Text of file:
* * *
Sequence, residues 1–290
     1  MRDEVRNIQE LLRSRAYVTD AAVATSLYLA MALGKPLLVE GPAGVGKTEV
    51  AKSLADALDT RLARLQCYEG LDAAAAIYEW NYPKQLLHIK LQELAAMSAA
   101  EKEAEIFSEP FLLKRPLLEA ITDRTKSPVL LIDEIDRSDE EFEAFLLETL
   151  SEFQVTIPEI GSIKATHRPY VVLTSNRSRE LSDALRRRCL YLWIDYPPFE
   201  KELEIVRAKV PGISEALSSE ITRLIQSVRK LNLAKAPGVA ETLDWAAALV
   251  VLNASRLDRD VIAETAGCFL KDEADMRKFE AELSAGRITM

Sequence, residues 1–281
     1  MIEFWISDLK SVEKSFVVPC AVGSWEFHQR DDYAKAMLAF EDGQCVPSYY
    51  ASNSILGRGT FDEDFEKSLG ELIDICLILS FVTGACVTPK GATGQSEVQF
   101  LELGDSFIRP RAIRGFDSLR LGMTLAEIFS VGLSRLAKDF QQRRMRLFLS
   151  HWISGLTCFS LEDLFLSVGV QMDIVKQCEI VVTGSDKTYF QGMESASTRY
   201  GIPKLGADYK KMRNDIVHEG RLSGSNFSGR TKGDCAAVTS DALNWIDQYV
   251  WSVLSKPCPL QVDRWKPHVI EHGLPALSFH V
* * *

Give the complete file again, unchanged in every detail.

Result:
Sequence, residues 1–290
     1  MRDEVRNIQE LLRSRAYVTD AAVATSLYLA MALGKPLLVE GPAGVGKTEV
    51  AKSLADALDT RLARLQCYEG LDAAAAIYEW NYPKQLLHIK LQELAAMSAA
   101  EKEAEIFSEP FLLKRPLLEA ITDRTKSPVL LIDEIDRSDE EFEAFLLETL
   151  SEFQVTIPEI GSIKATHRPY VVLTSNRSRE LSDALRRRCL YLWIDYPPFE
   201  KELEIVRAKV PGISEALSSE ITRLIQSVRK LNLAKAPGVA ETLDWAAALV
   251  VLNASRLDRD VIAETAGCFL KDEADMRKFE AELSAGRITM

Sequence, residues 1–281
     1  MIEFWISDLK SVEKSFVVPC AVGSWEFHQR DDYAKAMLAF EDGQCVPSYY
    51  ASNSILGRGT FDEDFEKSLG ELIDICLILS FVTGACVTPK GATGQSEVQF
   101  LELGDSFIRP RAIRGFDSLR LGMTLAEIFS VGLSRLAKDF QQRRMRLFLS
   151  HWISGLTCFS LEDLFLSVGV QMDIVKQCEI VVTGSDKTYF QGMESASTRY
   201  GIPKLGADYK KMRNDIVHEG RLSGSNFSGR TKGDCAAVTS DALNWIDQYV
   251  WSVLSKPCPL QVDRWKPHVI EHGLPALSFH V